Sometimes, we can keep doing things over and over because it appears we never get tired of trying. However, there comes a day when the trying just becomes just that… trying. We feel mislead and let down. We don’t have hope anymore. We don’t see the end result like we used to see it.

The rest of this story is quite interesting. The Shunammite woman ends up having the son that was prophesied only to find that later he would become ill and die.

Wait a minute?

Didn’t she first not want the son supposedly, and then she has him only for him to die? Has that ever happened to you? You admit your desire, surrender, and then it fails? You fought the desire because of disappointment and then after you manage to get back up again and be happy, it comes, and then bam … it dies. That “thing” dies in your arms.

I wonder if that’s what was going through the Shunammite woman’s mind at this time? Perhaps it was also everything that led up to the moment where Elisha first told her she was going to have a son. Now, she is enduring this pain.

Trust and the ability to not give up are powerful. Even though she saw her son was dead, the Shunammite woman still went to see the man of God (Elisha), and the situation completely turned around. Her son was brought back to life! The situation that was once dead, now lived.

I love this story because it is an honest one of past pain, current denial of that pain, and loss of hope for the future. Sometimes hurts can go so deep that it appears to take the very breath out of us if we allow it. It damages us and if it keeps happening enough times or hits hard enough, it can kill your hope. It will kill your faith. It will kill your trust.

Beloved, let this story remind you to not give up hope and not allow what you have seen or felt to discourage you from seeing a beautiful end result in your life.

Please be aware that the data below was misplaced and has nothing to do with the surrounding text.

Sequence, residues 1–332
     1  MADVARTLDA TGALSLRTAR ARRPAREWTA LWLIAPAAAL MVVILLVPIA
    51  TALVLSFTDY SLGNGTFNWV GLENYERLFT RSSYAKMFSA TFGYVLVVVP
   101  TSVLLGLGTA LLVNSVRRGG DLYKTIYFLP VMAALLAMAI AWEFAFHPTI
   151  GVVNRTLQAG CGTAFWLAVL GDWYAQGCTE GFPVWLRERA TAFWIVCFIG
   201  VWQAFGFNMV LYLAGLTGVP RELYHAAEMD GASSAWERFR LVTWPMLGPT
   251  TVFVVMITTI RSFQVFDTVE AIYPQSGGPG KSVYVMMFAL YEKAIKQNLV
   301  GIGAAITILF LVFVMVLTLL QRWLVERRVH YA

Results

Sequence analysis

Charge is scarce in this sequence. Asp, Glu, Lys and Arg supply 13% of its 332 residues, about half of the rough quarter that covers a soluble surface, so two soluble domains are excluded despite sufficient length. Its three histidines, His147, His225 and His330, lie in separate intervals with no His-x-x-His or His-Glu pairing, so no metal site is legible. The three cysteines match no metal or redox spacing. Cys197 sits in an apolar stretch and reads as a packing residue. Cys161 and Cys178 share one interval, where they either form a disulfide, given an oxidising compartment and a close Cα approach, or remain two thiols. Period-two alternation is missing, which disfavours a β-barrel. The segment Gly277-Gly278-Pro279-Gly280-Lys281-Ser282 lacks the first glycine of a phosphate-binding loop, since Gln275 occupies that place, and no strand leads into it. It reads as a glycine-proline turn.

Yes, Our Lord — RAISE OUR HOPES.

Caitlin’s Story

babyJanuary 31, 2014 didn’t fit the norm. I had switched my day off with a co-worker and dragged my feet toward the doctor’s office to figure out why hadn’t felt up to par as of late. As I pulled into the parking lot, I tried my hardest to prepare for what lay ahead. Though I only waited in the lobby a few minutes, they seemed like an eternity. When my turn arrived to head toward the examination room, I fought to maintain my composure even as it quickly dwindled away. I felt like a lifeless shell going through the motions.

After completing the test, the young lady looked confused and said we needed to wait another minute, as something didn’t seem right. I suspected the outcome, but wasn’t fully prepared to hear it.

“Congratulations, Miss Hood, you are pregnant.”

Anyone who knows me can attest that I want nothing more in this world than to be a wife and mother. Every emotion imaginable whirled inside me at once. I was a happy, emotional, nervous wreck.

As I attempted to pull myself together to safely make it home, the reality started to sink in. I was going to have a baby. Like any newly expecting mother, I started looking up everything I could related to babies, and my excitement grew with time. I also began to accept the fact that it didn’t go as planned or the way I had been raised. But I would take the bull by the horns and forge a future for myself — for us.

During this time, I craved chips all the time and couldn’t go a day without Raising Cane chicken (yes, I know what you are probably thinking), but I couldn’t rid myself of those cravings. I felt fat and gross every day but was okay with it because I knew that soon I would hold my new baby, or so I thought.